Remaining intact and unaltered is the tiered hint system, accessible via holding the square button. New players are going to appreciate its inclusion tremendously, as the difficulty of the puzzles to be conquered has been dialled up a notch. It’s a pity then, that the system doesn’t always work effectively. Whilst the final hint of a tier may instruct you what you need to do, it won’t inform you of the items you’ll need to accomplish this goal. Hints may also direct you to certain locations, but using the hint system from that place will often not provide you with any useful information whatsoever and you realise you’ve gone full circle. Without spoiling anything I can state that common to all of the most difficult puzzle chains is a straining of the boundaries of everyday logic and conceivability, with a few ditching these conventions altogether and trudging into the realms of cruelty. The overall logic in the game is firm, but will frequently require new players to piece together puzzle solutions that at first seem completely unconnected, and this can be frustrating when you know only one portion of the problem. Anyone who can navigate these puzzles and avoid using the hint system or, better still, sidestep the age old issue of choosing all possible interactions with every possible object (of which there are many) or all the various combinations of objects will earn my salutations and respect. New players should expect to complete the game in several sit-ins rather than in one fell swoop.
Sublime was my choice of word to describe the quality of the visual upgrade of the Secret of Monkey Island remake. Here I would choose ‘stunning’, the simple reason being that I believe it to be true. This upgrade renders the prior reimagining blandly competent by comparison. Environments are incredibly vivid in their attention to the small print, with once messy pixellated blobs and blob meshes now much smoother and well defined in 1080p HD output, and is a perfect complement to the more vibrant and spirited tone that permeates the game’s various locations relative to the first game. This also carries over to character animation, which is considerably more fluid here. I also prefer the artwork of the locations and characters in this game too, with Guybrush’s stockier look garnering more of my appeal.
Audibly the game does not slouch either. With the return of the iMUSE system that debuted in the original 1990′s release, music seamlessly transfers from one tune to another depending on visual cues, and this helps maintain the brisk and lively atmosphere that the updated graphics engine conveys in the opening minutes. Voice-overs are more consistent in quality this time round, with Dominic Armato and Earl Boen turning in standout performances for Guybrush and LeChuck respectively. Further modifications to the game’s engine have now filtered out the brief pauses between spoken dialogue that plagued the prequel, and the act of conversation is definitely more palatable. There is even the option to retain voice-overs when switching to the classic mode – the option to play the game using the original 16 bit graphics. Definitely a nice touch to what is a cool returning extra.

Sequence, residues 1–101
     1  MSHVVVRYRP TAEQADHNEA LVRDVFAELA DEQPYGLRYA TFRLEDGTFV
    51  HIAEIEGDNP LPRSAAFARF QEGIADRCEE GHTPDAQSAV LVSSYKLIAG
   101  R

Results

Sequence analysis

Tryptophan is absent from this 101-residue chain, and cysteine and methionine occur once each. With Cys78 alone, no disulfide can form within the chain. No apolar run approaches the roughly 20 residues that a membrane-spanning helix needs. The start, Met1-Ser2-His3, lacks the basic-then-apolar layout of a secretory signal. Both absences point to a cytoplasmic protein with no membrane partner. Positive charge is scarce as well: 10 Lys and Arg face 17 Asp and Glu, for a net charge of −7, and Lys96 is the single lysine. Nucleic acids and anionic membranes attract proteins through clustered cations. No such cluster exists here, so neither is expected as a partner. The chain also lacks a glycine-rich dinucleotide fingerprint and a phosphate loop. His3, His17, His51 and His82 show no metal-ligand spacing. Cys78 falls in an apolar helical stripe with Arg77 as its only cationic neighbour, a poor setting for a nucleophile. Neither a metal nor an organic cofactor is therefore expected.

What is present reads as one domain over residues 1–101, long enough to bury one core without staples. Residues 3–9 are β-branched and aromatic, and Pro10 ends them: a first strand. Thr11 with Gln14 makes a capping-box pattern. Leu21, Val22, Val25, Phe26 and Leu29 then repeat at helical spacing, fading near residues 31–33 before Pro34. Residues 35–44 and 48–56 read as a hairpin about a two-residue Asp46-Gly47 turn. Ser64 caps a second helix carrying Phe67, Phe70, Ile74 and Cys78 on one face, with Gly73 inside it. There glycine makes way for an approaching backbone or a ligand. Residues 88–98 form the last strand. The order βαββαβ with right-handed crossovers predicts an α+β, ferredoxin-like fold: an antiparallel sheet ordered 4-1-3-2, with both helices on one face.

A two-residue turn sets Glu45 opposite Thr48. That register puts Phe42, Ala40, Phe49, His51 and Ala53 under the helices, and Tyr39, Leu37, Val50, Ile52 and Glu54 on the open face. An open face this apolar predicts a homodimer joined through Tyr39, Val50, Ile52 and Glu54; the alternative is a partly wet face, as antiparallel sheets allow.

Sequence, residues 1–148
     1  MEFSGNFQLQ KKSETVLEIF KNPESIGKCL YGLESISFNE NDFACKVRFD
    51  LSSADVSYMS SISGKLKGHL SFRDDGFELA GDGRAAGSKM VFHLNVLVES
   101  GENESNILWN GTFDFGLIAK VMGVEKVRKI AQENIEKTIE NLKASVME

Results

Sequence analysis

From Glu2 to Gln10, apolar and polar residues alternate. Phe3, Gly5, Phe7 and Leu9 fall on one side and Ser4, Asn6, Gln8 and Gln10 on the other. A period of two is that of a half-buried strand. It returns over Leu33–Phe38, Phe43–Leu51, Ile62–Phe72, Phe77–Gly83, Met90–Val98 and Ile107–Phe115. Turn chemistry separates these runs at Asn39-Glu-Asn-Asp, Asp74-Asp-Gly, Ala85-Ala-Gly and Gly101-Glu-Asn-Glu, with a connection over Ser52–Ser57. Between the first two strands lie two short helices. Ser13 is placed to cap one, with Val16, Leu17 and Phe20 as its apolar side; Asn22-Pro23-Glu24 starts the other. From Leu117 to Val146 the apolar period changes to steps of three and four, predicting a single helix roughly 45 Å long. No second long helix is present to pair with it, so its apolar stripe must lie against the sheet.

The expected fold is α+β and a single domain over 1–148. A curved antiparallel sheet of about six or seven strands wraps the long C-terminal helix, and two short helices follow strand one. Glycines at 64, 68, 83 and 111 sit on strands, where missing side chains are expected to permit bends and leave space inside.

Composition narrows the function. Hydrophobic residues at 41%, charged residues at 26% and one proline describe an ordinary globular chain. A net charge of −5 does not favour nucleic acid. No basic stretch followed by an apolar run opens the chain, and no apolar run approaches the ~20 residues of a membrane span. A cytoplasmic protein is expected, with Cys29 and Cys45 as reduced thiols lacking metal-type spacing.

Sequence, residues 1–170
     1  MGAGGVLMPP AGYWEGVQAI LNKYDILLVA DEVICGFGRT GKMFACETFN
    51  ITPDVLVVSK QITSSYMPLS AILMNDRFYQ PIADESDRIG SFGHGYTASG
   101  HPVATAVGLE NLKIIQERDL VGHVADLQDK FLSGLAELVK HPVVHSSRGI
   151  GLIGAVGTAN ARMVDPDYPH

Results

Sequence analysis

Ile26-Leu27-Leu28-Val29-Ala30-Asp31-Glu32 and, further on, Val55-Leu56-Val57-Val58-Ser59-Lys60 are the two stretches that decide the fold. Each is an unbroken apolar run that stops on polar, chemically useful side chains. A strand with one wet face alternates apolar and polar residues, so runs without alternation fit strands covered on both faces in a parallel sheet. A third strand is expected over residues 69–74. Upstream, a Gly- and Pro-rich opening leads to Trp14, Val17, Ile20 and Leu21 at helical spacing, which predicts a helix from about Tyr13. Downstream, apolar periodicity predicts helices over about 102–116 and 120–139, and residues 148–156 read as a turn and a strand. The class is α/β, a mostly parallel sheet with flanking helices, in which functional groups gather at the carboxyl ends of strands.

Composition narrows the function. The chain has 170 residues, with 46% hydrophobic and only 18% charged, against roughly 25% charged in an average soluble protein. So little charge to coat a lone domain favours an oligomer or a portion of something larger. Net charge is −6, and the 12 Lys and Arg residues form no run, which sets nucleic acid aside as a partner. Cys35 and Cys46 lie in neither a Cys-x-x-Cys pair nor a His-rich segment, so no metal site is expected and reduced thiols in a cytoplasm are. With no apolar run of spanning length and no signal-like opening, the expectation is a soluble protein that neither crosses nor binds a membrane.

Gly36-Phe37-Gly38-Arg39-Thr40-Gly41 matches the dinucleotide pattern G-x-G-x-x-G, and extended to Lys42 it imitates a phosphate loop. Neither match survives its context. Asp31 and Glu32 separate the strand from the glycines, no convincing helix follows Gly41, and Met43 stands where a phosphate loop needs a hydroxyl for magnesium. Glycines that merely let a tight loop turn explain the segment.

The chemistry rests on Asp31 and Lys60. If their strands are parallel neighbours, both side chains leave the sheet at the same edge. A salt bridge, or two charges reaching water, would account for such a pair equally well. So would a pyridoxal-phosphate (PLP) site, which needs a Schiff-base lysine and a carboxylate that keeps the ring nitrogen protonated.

Only two things are a personal cause of disappointment in this package. Sadly the original opening credit sequence with the dancing monkeys has been omitted, presumably because the old sequence contains credits that are outdated. The developer commentary, available during gameplay through one button press and if enabled in the options menu, seemed quite limited and sparse, and in several sequences I was surprised that no commentary was available whatsoever. Though what commentary can be found is by and large quite insightful, amusing and dripping in nostalgia.
In the grand scheme of things these are quite minor gripes, as this is a game whose elements coalesce and are presented in a gorgeously stylised and individual manner. Monkey Island 2: LeChuck’s Revenge stands as one of the all-time greats in the adventure genre, now brought back to the modern era where time hasn’t eroded its appeal one bit. Both new and old players are liable to extract plenty of enjoyment from this special edition. It would be hard not to appreciate the care that has gone in re imagining such a treasured slice of nostalgia, and is a shining example of what some well placed boldness, brashness and confidence can create.